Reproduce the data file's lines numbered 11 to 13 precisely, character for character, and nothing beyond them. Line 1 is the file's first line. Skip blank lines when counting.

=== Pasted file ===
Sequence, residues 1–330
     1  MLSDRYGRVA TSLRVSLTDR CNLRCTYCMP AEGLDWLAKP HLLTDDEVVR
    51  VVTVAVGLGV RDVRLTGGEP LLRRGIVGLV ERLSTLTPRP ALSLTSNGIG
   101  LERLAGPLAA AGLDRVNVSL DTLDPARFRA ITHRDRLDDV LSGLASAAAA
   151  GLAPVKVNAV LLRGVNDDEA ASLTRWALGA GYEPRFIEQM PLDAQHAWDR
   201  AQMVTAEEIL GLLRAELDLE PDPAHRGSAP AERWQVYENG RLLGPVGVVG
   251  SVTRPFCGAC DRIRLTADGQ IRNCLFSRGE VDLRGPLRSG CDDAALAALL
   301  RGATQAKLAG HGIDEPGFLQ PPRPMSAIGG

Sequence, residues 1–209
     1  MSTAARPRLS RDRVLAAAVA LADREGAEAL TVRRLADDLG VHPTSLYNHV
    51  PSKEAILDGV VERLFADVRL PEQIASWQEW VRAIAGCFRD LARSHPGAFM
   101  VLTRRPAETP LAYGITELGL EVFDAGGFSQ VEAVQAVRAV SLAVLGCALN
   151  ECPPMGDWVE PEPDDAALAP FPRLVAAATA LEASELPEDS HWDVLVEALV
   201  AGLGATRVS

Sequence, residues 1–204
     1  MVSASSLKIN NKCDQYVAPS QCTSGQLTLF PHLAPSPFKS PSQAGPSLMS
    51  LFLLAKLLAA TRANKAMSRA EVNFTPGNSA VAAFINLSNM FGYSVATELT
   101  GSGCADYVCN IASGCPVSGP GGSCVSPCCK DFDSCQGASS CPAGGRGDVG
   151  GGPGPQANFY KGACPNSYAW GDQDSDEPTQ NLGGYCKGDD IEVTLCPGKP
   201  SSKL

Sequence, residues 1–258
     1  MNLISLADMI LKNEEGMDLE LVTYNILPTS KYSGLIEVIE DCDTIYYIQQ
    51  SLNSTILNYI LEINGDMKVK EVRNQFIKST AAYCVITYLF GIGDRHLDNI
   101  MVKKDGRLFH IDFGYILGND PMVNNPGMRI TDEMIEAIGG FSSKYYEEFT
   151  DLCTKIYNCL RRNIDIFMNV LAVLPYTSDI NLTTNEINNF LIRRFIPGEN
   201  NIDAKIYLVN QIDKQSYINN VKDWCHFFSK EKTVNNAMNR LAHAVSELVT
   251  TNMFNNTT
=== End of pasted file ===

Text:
    51  PSKEAILDGV VERLFADVRL PEQIASWQEW VRAIAGCFRD LARSHPGAFM
   101  VLTRRPAETP LAYGITELGL EVFDAGGFSQ VEAVQAVRAV SLAVLGCALN
   151  ECPPMGDWVE PEPDDAALAP FPRLVAAATA LEASELPEDS HWDVLVEALV